A Home for Squash
SL Green StreetSquash Center in New York City
By Dawn Klingensmith
espite its name, the after-school program StreetSquash has never been out on the streets. But until last fall, StreetSquash never had a place to call home.
StreetSquash is a free, New York City-based youth-enrichment program that combines academic tutoring, squash instruction, college preparation, community service and one-on-one mentoring. It serves low-income public-school students in the Harlem neighborhood. The program previously took place in YMCA and other host organizations' facilities.
As of September 2008, the nonprofit program has a permanent new home—the 18,000-square-foot SL Green StreetSquash Center, named for StreetSquash board member Steven L. Green. Housed in a mixed-use (primarily residential) building, the $9 million facility features eight international squash courts, four classrooms, a library and locker rooms.
"Now we have a place of our own where we're not worried about getting kicked off the courts to make room for others, or where we're studying in hallways and getting disrupted," said George Polsky, executive director.
Despite any such disruptions, StreetSquash has been remarkably successful from its inception in 1999. One hundred percent of participants graduate from high school. By comparison, the NYC Department of Education places the overall percentage at less than 60 percent. Eighty-three percent of StreetSquash graduates go to college.
StreetSquash is a long-term, intensive program. Students sign up in sixth grade and commit to seven years of involvement. "Making the team depends on commitment and attendance, not grades or athletic ability," Polsky said.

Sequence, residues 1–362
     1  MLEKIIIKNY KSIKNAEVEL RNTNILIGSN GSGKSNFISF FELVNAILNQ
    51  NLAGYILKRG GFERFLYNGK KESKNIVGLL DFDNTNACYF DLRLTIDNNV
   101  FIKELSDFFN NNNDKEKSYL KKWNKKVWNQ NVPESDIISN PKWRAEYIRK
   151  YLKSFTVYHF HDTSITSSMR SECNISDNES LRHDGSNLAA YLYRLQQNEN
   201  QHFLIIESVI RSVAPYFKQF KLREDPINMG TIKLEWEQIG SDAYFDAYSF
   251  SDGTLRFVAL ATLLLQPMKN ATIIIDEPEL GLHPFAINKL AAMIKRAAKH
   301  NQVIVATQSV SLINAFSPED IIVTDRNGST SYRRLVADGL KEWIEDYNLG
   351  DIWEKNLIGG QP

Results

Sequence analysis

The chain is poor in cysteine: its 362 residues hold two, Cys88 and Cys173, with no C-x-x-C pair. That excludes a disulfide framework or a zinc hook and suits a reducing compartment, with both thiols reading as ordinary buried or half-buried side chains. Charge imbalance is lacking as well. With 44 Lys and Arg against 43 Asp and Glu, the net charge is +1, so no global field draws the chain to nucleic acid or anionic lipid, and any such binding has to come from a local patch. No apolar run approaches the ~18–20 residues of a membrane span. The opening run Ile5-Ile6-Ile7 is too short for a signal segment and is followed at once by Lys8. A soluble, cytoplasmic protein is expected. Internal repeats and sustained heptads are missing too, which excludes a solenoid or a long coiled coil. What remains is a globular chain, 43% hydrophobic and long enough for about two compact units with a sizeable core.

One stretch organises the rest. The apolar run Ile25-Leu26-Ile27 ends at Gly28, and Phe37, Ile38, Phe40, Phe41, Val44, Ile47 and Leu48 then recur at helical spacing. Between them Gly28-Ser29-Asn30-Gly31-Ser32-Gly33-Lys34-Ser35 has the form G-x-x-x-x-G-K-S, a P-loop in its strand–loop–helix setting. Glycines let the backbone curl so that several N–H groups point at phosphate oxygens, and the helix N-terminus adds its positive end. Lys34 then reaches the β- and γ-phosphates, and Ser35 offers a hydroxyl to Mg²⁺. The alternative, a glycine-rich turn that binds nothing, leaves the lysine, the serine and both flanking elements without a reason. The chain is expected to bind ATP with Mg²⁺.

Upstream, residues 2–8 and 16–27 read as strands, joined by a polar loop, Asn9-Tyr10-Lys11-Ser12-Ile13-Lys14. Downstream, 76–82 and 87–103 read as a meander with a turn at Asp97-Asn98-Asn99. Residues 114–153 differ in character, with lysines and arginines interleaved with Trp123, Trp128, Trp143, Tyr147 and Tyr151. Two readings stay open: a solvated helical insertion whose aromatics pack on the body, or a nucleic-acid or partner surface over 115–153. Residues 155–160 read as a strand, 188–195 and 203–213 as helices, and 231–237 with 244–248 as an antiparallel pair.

Participants meet four days per week (three school days plus Saturday) for three hours. They spend half the time playing squash and the other half on homework and academics with help from professional and volunteer tutors.
Polsky founded StreetSquash with 24 kids, modeling it after the SquashBusters program in Boston. He wanted to help at-risk children succeed academically and thought that squash, a racquet sport he grew up playing, would be an interesting way to reach them.
"A lot of kids aren't familiar with it, and kids like trying something new and different," he said.
The opening of the SL Green StreetSquash Center not only makes StreetSquash's the largest squash facility in New York, but it also enables the organization to implement new programs and expand its existing ones to include more students. For example, the launch of StreetSquash's new P.E. for Public Schools program coincided with the center's opening. This program brings Harlem school children to the center during the school day for squash instruction, aerobic drills and basic nutrition education.